A client who I continue to work with had Trichotillomania, or hair-pulling disorder, and that started because she came from a family that was very conservative, authoritarian and had a tendency to get abusive.

She came to me because she had a relationship with someone without the knowledge of her parents and when they discovered, they beat her up black and blue. She was in a very bad state.

When we started out, it was all about, "Why me?", Why am I stuck with such a family or am I a bad person and that's why all these bad things are happening to me?

It took a number of years. This therapy has been going on for six years but today, she is at a stage where she is living independently in Australia, has a decent relationship with her parents with no animosity towards them. She is with a partner, and her relationship is going pretty well.

Dr Chhibber says as a therapist, the area where she was able to give her the best growth was for her to be able to forgive her parents. "They were not able to put through their concerns in a matter that she could understand. Her being able to see that allowed her to move past that and not hold on to all those resentments and she has a wonderful life today."

Dr Chhibber says PTG is something therapists often end up seeing with clients who may have had any kind of a traumatic past experience whether it's in the context of a relationship/accident/experiencing any kind of violence or abuse.

"You look at post traumatic growth for people who may not have had the skills to work through a challenge that was posed by a traumatic experience. But when they have been able to look back at it and resolve it, that's when they end up reaching certain new understandings about themselves, their health and relationships, about how the world operates."

After the 2006 Mumbai local bomb blast took his left hand, Mahendra Patale, 46, was under severe duress.

But now, he says the work he could not do earlier, he does more of it now. "I haven't held on to anything that happened," he says. "I feel like I was saved because something good's written in my hands. Otherwise I would have died then."

I asked Patale what's the one thing that has changed in him now. He says,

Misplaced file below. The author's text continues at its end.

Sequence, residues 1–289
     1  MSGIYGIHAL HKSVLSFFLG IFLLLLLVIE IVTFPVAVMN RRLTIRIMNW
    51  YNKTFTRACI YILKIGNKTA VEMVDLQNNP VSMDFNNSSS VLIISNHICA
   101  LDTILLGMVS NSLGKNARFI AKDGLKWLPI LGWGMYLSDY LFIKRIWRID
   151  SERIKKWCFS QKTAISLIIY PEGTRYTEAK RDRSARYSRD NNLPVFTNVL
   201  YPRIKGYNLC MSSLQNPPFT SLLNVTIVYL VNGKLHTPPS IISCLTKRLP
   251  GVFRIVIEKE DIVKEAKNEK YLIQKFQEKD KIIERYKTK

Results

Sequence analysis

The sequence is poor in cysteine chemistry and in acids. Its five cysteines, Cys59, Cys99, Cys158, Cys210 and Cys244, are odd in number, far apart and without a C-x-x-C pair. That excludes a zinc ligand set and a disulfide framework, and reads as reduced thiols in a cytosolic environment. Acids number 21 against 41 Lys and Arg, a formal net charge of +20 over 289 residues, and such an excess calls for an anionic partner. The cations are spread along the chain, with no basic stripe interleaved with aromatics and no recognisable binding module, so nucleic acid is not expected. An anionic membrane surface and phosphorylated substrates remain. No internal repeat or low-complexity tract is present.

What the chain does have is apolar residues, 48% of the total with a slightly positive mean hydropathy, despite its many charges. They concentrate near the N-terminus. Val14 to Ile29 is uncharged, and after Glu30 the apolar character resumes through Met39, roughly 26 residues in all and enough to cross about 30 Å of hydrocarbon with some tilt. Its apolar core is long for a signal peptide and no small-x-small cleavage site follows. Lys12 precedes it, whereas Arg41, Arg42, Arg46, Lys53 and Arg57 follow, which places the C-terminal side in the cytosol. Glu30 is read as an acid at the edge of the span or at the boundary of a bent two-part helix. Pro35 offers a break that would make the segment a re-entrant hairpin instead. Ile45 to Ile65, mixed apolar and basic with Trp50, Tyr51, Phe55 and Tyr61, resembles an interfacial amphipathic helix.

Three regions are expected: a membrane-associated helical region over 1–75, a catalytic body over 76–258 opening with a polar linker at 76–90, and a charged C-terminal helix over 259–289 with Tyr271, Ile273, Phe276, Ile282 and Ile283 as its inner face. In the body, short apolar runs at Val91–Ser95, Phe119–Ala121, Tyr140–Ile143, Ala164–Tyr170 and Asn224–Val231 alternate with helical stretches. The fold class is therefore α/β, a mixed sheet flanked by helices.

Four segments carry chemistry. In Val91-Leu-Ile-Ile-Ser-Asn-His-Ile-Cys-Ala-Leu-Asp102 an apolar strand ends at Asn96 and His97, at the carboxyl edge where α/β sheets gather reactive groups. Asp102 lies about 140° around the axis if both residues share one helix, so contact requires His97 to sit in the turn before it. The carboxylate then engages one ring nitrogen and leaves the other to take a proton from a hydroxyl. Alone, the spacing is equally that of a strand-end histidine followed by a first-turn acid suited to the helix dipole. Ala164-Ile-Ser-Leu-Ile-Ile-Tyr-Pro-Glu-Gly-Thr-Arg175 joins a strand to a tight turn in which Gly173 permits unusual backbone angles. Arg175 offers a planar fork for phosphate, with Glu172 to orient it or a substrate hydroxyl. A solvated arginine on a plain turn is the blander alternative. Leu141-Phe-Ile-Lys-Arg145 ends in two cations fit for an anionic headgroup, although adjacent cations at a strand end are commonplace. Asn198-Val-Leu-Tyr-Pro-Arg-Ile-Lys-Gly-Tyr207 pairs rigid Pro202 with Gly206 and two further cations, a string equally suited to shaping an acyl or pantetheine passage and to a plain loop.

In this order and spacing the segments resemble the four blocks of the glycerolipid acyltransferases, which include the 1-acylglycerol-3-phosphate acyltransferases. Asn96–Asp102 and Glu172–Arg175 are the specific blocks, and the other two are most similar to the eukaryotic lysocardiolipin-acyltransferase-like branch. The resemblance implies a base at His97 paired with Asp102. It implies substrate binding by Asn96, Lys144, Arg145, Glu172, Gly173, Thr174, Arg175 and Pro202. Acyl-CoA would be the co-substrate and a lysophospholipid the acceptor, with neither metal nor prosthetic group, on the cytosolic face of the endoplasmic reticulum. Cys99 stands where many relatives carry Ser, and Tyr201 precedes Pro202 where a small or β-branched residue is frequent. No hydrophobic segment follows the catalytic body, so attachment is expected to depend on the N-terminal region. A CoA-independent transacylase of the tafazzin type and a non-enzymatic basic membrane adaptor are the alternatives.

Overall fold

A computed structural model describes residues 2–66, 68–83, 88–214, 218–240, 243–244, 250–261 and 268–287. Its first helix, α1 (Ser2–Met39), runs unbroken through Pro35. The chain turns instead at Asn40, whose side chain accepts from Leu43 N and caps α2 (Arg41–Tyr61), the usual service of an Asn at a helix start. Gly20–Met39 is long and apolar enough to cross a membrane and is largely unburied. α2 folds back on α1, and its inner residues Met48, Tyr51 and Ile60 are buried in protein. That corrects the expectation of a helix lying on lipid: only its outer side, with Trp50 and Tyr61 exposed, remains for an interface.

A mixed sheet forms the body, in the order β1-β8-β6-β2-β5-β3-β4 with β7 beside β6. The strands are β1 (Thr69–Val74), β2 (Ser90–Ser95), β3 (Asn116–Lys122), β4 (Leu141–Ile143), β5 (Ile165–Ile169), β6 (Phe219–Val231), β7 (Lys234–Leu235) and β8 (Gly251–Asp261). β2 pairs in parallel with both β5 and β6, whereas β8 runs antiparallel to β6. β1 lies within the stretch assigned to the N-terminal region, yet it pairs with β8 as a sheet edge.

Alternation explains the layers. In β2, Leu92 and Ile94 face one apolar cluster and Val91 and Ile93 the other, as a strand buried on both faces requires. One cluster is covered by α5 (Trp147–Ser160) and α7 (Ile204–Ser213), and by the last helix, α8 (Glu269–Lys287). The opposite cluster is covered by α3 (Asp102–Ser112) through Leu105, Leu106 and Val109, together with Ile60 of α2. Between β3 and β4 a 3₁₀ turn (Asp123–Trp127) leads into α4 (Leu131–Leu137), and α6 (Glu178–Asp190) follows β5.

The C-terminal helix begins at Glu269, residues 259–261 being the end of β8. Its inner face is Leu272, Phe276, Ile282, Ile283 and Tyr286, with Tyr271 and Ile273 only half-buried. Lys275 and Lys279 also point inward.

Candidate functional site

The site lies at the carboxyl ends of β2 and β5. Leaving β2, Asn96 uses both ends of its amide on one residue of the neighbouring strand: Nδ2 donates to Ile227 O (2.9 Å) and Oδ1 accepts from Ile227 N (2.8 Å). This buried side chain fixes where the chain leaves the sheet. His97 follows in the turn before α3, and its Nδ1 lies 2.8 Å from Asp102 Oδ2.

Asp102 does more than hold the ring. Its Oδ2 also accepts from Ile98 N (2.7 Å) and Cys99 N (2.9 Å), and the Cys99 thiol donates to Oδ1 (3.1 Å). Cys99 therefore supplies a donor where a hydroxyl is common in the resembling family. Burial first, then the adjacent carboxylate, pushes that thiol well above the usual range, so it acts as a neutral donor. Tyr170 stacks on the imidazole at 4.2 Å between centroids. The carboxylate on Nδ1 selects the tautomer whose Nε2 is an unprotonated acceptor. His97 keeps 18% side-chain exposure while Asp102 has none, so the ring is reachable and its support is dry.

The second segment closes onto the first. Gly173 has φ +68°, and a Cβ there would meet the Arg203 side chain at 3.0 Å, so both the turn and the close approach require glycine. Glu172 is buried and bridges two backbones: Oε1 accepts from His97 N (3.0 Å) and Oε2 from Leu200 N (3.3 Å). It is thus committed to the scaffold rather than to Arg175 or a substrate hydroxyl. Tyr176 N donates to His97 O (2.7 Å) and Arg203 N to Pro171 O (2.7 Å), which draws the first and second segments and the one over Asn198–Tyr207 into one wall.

Tips On What To Do And What Not to Do After a Traumatic Experience

Dr Chhibber tells us the lies we need to stop telling ourselves in order to grow after a traumatic experience.

  1. Continuing to see yourself as helpless is not helpful.

  2. Try to find spaces where you can exert some control. This is not to say that if you were abused by someone or you had abusive parents, it was your fault, but today where you find yourself, you need to find out where is it that I can exert control in my environment and in my relationships now?

  3. The other thing is that self doubt, which becomes so inherent after you've been through traumatic experiences, also ends up creating a situation where you rely too much on the other. And you often don't even realise that the other may be giving you inputs which is actually detrimental for you. Some amount of self belief is important and you need to find people around you who instil that kind of belief in you, rather than people who will keep pointing to you that you are wrong or you are constantly doing this thing incorrectly. So don't be too critical.

  4. Not talking about things will not eliminate them. If there are things that are bothering you, then it's more important that you find a way to share express and work through them.

  5. Take a little less critical approach. It's very easy to blame yourself for all the wrong things that happen to you and very easy to forget that the person/situation which happened was not under your control. So don't be too critical.

Life's tough for everyone, but it's tougher for some. So if you've experienced trauma, know that even then, you can rise above from it.

(This story was auto-published from a syndicated feed. No part of the story has been edited by The Quint.)